To quote Gen. Patton “The object of war is not to die for your country but to make the other bastard die for his” - we have no intention of matching skill to see who is better – the odds are against us but we still want to prevail.

Our opponent then is like the house in roulette – they have a statistical advantage.  It is to their advantage, therefore, to have several engagements due to the fact that as time goes on, they are more and more likely to prevail – each engagement the stronger opponent has is detrimental to we the weaker party.

Let us assume that we the weaker party have a 33% chance of prevailing on paper, using conventional tactics.  The probability of us prevailing on the first engagement is ~0.33.  On the second engagement it is 0.33 * 0.33 or ~0.11.  On the third engagement our probability has fallen to ~0.03 (and the house is therefore at ~0.99).

I don’t like the sound of that at all.

I would usually increase the probability of the weaker party to account for using unconventional tactics and simply wanting to foil the opponent’s first attack, but let us keep it at 0.33.

If I make it into my unconventional range, where I have an advantage, on the first engagement then my probability was ~0.33.  That is eleven times better than going to the third engagement.

So, the weaker party wants to limit the number of engagements as much as possible – on the single combat scale this is staying out of range and getting in on the first try.  For the conventional fighter then, who hopes to have an advantage, the idea is to keep a distance that affords more engagements by stopping the entry to a different range.

The conventional fighter, therefore, likes lineal movement, attack and retreat, and initiating – with footwork to match.  The unconventional fighter, conversely, likes lateral movement, dodge and counter, and receiving – with footwork to match.

In my Ryuha, the first of the above statements is the long sword, and the second the short sword.  To have both of those things at your disposal (the dream!) is called Nito.  Nito in this case does not only apply to swords but to everything. It is having these two broad methods at your disposal and using them correctly.


Jujutsu is complicated - perhaps that is the best way to answer when someone asks you what you do.  I seem to remember that is what my teach did quite a lot.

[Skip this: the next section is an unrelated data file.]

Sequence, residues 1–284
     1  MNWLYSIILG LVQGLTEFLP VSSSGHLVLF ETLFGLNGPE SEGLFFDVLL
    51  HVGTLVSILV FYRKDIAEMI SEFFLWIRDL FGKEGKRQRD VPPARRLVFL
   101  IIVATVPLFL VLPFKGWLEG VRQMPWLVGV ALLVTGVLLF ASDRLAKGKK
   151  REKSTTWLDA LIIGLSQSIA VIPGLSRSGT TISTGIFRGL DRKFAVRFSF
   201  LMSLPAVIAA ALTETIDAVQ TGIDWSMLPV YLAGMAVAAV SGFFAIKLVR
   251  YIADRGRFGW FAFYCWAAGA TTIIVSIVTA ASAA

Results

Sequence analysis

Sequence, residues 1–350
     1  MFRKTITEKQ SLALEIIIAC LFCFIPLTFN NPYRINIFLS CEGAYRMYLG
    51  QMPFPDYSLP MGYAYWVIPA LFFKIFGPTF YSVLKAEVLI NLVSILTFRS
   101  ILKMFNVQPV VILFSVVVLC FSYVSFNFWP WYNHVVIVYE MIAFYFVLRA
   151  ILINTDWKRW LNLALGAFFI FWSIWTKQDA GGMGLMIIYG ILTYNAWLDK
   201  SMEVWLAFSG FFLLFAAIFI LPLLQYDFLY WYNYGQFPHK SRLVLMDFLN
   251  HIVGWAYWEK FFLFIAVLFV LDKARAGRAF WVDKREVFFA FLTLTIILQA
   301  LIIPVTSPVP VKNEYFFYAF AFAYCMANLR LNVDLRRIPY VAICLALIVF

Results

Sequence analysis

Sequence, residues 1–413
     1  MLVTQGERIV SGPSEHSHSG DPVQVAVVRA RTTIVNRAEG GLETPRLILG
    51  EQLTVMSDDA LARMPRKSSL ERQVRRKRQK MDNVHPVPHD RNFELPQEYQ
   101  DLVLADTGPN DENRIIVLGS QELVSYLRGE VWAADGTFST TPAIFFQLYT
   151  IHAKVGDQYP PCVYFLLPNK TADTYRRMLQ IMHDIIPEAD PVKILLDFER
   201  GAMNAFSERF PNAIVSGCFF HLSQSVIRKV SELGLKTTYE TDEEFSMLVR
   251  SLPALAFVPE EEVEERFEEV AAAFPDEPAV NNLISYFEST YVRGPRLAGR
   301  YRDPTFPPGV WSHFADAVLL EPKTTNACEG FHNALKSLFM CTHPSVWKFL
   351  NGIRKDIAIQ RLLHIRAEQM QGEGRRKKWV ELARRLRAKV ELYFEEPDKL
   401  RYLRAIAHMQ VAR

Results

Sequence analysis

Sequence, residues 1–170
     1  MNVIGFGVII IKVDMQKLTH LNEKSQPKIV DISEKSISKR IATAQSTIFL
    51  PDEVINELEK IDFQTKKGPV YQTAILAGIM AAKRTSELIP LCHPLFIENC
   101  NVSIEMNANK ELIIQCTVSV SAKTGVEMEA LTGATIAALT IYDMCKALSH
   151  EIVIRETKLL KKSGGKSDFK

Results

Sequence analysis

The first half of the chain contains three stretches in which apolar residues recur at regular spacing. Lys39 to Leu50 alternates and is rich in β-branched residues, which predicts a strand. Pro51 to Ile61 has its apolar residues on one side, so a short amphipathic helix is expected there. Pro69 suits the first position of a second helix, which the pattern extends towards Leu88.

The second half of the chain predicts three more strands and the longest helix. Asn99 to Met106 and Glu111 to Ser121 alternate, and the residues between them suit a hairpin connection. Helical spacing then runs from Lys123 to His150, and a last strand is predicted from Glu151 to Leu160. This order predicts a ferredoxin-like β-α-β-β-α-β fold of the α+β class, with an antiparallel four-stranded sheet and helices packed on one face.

Popular posts from this blog

Spear (Yari) in Owari Kan Ryu 尾張貫流 (Kudayari & others)

Owari Kan ryū is known for its use of the kuda-yari (tube spear). The e (shaft) is run through a kuda (metal pipe) that’s in the front hand of the practitioner.  Interestingly the school’s students start training by doing shiai (competition) and only after considerable training they learn the school's kata (forms). Most classical schools that practice shiai do so after learning kata. Thrusting using the kuda. Cross-stepping.                           Thrusting attack with kuda. Wide stance.   Shiai. Shiai using a spear with a cross piece. The original demonstration from which these stills were taken is here:

The Structure of the Tenshinshoden Katori Shinto Ryu Syllabus

It should be noted that the current head, Otake Risuke, has commented that not all of the parts of Tenshinsho-den Katori Shinto Ryu survive.  I recall his comments in various documentaries that Archery was once a component, and only some of the spear survives. Through various sources, mostly Otake's book, I have put together this brief outline of their syllabus, however I have little idea of the exact stage each is taught except that I believe the students start with Omote no Tachi.  I will use this as the basis for further posts and may add to it over time. I believe their are important implications when Otake says that one of the main reasons for training all the weapons is to train the swordsman against them. Note in this section in brackets are my own comments and should therefore not be relied upon, those from the written work of Otake are clearly marked. Tenshinsho-den Katori Shinto Ryu -Kenjutsu (Otake lists Tachi, Ryuto and Kodachi under Kenjustsu) --Tachi (Use of the singl

Kendo Shinai Weights & Measures

As a note the recommended length and weight for shinai are: - Women 38 inches 440 grams. - Men 39 inches 510 grams. The Wikipedia shinai page lists the following tables: Regulations In  kendo  competitions that follow the FIK rules, there are regulated weights and lengths for the use of  shinai .  Table A. FIK Specifications for competition use of one Shinai (Itto). Specification Gender Junior High School (12–15 yrs) Senior High School (15–18 yrs) University students and Adults (18yrs+) Maximum length Male & female 114cm 117cm 120cm Minimum weight Male 440g 480g 510g Female 400g 420g 440g Minimum diameter of sakigawa Male 25mm 26mm 26mm Female 24mm 25mm 25mm Minimum length of sakigawa Male and Female 50mm 50mm 50mm Shinai  are weighed complete with leather fittings, but without  tsuba  or  tsuba-dome . The full length is measured. Maximum diameter of the  tsuba  is 9cm. Table B. FIK Specifications for competition use of two Shinai (Nito). Specification Gender Daito (long shinai) Sh